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5 Ways to Know You Have a Natural Strength

Wednesday, September 14, 2016
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Writing has always been easy for me. When it’s time to develop an article, book, or other form of written work, it always seems to come together seamlessly without a great deal of effort. Yet I haven’t been through formal training on how to write. I’ve only taken a handful of English classes in grade school, high school, and college, and I don’t have a master’s degree in English or journalism. Yet even with minimal credentials, I get called upon frequently to proofread other people’s writing and on many occasions, I have been asked to ghostwrite emails, marketing blurbs, and other small writing assignments. As I’ve advanced in my career, I’ve realized that writing is a natural strength of mine.

In searching for a great fit for your career, it is important to know what your natural strengths are. Your strengths will be the assets you can bring to an organization that will set you apart from others, create opportunities for promotion, and be your main selling points in interviews. Your strengths, however, are not the same as your skills, which you have acquired through formal training or other professional experiences. These are unique traits that you have always had.

What natural strengths do you possess?

As odd as it may seem, it can be challenging to recognize how you are truly gifted. You may have several great strengths, but because they come so easily to you, you might not even realize you possess them.

Here are five questions you can ask yourself to find out what you are truly gifted in:

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1. Have you been successful at something with little or no training?

Do you have a similar story like mine where you seem to have a high level of success at something with little or no training? If so, you might want to consider the possibility that you possess a natural strength in that particular area. Whether it’s teaching, data analysis, sales, finance, or another discipline, think about those things that you never got trained to do, but do so well.

2. What do you have a knack for?

I’ve always felt that I have a knack for teaching others. People tell me that I can break things down in a way that makes sense and allow them to understand it better. Has someone ever told you that you have a knack for something? Pay attention to those comments and take note of them when defining your strengths.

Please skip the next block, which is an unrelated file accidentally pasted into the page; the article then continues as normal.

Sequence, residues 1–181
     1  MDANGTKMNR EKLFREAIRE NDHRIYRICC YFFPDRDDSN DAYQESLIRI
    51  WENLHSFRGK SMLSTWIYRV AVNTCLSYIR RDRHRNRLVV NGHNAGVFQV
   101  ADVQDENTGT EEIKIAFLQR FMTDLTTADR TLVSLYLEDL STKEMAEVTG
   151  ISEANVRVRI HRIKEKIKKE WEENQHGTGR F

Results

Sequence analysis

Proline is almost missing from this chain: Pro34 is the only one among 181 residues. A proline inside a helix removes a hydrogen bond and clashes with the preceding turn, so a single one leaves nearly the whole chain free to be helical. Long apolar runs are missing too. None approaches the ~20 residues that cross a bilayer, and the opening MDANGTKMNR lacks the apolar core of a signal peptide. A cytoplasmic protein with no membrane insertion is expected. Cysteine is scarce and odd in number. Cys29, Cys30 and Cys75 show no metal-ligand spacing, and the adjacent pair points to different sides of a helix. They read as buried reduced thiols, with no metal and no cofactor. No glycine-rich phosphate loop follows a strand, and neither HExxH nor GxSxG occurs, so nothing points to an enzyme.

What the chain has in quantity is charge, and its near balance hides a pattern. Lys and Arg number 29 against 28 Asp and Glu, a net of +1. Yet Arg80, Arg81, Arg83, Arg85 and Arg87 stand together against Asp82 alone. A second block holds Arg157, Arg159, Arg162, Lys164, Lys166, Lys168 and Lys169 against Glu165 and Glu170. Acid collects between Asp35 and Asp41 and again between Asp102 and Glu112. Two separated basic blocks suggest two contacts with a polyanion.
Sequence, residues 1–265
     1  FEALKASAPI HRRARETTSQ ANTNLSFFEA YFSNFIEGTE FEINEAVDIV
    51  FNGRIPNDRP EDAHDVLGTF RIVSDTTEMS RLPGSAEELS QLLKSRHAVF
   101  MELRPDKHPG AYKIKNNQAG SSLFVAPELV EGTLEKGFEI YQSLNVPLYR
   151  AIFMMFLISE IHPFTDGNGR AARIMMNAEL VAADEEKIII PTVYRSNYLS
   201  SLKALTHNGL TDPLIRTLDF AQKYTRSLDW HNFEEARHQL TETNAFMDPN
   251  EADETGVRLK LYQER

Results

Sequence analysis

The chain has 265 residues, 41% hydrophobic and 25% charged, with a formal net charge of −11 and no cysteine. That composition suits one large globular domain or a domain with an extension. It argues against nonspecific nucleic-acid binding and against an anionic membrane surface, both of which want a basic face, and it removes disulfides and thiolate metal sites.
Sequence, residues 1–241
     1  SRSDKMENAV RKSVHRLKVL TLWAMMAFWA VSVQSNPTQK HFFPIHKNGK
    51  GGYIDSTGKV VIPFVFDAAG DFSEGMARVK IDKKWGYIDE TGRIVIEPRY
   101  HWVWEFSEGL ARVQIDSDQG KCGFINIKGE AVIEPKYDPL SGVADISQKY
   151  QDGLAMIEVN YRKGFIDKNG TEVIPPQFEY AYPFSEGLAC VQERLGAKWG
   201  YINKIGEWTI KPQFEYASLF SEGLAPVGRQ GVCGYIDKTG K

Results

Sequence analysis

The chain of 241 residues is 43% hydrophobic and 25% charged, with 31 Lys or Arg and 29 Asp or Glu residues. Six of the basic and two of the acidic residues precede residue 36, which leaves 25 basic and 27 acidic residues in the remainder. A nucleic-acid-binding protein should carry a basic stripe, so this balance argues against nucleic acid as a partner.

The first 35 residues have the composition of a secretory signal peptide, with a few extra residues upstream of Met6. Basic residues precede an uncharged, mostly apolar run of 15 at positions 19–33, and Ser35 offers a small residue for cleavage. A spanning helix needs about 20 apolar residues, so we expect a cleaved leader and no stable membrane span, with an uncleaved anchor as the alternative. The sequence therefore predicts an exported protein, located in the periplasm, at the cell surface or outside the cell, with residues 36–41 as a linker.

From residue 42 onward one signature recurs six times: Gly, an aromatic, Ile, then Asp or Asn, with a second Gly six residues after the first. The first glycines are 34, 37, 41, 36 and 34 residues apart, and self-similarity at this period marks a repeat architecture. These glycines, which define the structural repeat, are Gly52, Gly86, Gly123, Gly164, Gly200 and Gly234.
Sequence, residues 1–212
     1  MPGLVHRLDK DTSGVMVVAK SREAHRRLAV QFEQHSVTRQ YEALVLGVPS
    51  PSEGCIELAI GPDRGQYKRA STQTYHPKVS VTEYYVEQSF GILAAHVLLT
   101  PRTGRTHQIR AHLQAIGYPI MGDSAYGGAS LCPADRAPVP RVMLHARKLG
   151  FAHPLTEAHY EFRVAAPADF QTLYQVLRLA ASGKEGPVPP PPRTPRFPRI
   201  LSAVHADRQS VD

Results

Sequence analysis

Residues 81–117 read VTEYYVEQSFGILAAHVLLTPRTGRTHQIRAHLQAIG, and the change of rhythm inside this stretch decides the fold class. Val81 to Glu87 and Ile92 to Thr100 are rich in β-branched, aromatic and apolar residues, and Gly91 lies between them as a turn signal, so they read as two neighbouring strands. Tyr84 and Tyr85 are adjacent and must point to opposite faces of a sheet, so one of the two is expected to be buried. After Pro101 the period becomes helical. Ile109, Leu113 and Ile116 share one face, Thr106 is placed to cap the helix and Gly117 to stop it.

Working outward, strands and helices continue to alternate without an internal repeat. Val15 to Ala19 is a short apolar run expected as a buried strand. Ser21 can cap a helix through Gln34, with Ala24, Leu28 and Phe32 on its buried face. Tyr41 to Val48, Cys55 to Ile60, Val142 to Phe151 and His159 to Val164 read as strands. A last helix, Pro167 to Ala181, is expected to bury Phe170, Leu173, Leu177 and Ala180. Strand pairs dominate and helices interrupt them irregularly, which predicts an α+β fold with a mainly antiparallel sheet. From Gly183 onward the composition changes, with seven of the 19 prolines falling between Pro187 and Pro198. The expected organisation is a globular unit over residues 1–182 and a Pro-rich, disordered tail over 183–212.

3. What are your strongest personality characteristics?

If someone were to ask you what others would say about you, what would you say? Are you patient, analytical, kind, or ambitious? These types of personality traits can say a lot about who you are and what types of jobs you might be very successful at with little or no training. Take some time and complete a personality test or ask some close friends to share with you what they think are your strongest personality traits. You might be surprised at what you find out!

4. What do you love to do?

Chances are that if you really love to do something, you do it often and are gifted in it. If you could do anything for a day, what would it be? Consider this when crafting your career path because, as Confucius once said, “Choose a job you love and you’ll never have to work a day in your life.”

5. Are you a “go-to” person for something?

Are you called upon frequently to complete a certain task? Are people always impressed by your work in a certain area? Start to take mental notes of what you are often asked to do and you might uncover a natural strength.

Do you want to know more about how to uncover your strengths? I’ve written a chapter in Find Your Fit: A Guide to Landing a Job You’ll Love dedicated to understanding your skills and strengths and matching them to a career. Pre-order your copy today to receive it in October and launch your dream career!

About the Author
Dan Schwartz is a University Relations Specialist with BKD CPAs and Advisors. In his role, Dan plays an active role in developing brand awareness through recruitment marketing, sourcing strategies, social media campaigns, report generation, and support of the university relations team. Dan has published articles, books, videos, and podcasts related to career development and leadership development. He is the author of TD at Work: Managing as a Ground Floor Leader, Winning Strategies: Achieving Success in the Classroom, Career and Life and is a contributing author to Find Your Fit: A Practical Guide to Landing a Job You'll Love.
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